The English live at a point where competing air masses meet, creating atmospheric instability and unsettled weather. In The Teatime Islands, my first book, I described England/Britain from the perspective of a faraway outpost as “this small rainy island in Western Europe”.
On the other side of the country, our geographical position on the edge of the Atlantic places us at the end of a storm track, a relatively narrow area of ocean down which storms travel, driven by the prevailing winds. As the warm and cold air fly towards and over each other, the earth’s rotation creates cyclones and the UK bears the tail end of them.
What makes our climate so mild is the Gulf Stream, which raises the temperature in the UK by up to 5°C in winter. It also adds moisture to the atmosphere, which makes it much harder to predict the weather as it adds to the number of variables that need to be forecast.
These variables mean vastly unpredictable weather. I can remember both snow at Easter and also such heat that the chocolate eggs were melting. November can be hotter than June, and winter often doesn’t arrive until February. It’s all topsy-turvy, and that is what we love to talk about.
The first time I met the Queen (apologies for the humble-brag there – very unEnglish, maybe it’s the Canadian part of me coming out), it was at Windsor Castle. It was December and I was, quite honestly, a little nervous. She had gathered the great and the good from the world of rural and agricultural life to celebrate the countryside.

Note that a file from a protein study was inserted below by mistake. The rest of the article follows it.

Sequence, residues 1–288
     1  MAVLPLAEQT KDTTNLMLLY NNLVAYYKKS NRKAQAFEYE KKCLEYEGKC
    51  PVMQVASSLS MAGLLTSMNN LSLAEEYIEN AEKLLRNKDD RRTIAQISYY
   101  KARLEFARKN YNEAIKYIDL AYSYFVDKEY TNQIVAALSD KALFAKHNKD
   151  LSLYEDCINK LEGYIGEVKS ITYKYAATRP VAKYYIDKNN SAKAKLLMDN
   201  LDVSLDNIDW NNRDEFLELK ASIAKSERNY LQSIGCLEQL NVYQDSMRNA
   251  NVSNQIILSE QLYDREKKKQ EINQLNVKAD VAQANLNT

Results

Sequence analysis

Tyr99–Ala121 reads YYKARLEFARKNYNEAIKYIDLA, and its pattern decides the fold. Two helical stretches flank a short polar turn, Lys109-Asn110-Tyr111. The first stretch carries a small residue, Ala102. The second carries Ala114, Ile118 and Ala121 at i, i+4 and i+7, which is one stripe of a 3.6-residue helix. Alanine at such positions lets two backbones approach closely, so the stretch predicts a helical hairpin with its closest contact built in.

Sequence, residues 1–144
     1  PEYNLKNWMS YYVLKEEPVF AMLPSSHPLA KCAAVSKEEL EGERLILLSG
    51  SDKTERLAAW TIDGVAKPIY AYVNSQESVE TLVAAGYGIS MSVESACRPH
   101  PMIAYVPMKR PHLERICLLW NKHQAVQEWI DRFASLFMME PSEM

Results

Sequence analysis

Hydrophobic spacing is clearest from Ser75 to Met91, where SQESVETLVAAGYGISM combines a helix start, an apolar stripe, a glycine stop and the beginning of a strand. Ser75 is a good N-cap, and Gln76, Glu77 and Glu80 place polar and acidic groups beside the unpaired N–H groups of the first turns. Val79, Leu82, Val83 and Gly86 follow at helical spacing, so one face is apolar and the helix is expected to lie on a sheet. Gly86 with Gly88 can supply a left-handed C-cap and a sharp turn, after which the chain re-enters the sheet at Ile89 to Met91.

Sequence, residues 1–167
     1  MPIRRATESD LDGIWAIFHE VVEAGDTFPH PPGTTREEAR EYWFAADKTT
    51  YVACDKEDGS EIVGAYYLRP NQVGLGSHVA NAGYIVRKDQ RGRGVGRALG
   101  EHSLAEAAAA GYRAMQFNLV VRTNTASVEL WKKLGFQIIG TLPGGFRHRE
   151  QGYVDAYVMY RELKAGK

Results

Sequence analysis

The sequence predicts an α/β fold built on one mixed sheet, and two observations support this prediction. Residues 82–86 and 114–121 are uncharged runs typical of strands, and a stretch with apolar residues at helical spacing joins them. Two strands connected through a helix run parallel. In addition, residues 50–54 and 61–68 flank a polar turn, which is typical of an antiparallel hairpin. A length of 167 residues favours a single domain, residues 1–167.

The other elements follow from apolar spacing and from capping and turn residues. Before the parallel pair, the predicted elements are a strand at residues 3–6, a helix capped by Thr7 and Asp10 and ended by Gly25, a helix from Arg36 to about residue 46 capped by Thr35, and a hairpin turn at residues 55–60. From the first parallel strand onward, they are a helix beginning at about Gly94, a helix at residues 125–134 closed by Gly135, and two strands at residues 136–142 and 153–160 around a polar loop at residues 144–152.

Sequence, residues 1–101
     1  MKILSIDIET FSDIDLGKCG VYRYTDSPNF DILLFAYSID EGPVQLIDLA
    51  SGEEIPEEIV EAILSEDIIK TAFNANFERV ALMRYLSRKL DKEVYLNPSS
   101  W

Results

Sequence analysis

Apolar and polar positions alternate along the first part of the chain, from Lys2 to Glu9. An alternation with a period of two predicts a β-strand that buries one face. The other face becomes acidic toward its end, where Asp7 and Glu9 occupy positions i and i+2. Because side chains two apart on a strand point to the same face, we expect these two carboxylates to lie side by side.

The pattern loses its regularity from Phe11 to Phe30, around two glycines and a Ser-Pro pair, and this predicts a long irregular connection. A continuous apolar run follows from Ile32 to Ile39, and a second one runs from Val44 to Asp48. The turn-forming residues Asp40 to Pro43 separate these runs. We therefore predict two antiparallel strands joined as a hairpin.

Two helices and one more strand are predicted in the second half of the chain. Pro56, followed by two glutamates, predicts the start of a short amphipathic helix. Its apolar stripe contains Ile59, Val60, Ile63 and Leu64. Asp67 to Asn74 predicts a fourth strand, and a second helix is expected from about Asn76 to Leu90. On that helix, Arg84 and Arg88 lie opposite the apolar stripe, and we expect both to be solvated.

“What am I going to talk to her about?” I worried as I made my way to Windsor. There were so many things I could tell her, about the places I had been and the adventures I had experienced. I would tell her about Antarctica, and of the time I met a tribe in the jungles of Papua New Guinea. Perhaps I would recall meeting the Prince Philip Island cult, or the time I met some of her Labradors.
“It’s terribly cold, Ma’am, isn’t it?” I smiled as I shook her gloved hand.
“Warmer than last December. Though we could do with a little rain,” she replied. We both nodded, and she headed off to chat to the next guest.
And that just about sums it up. My first opportunity to chat to Her Majesty, and I talked about the weather.
Visitors from abroad are thoroughly bemused by the English fixation with the weather – because the only extreme aspect of our weather is its changeability.
And this leads on to another point about our relationship with our weather: our propensity to complain about it. This is at odds with the Blitz-like spirit of ‘mustn’t grumble’, but we do. Is there such a thing as ideal weather for the English?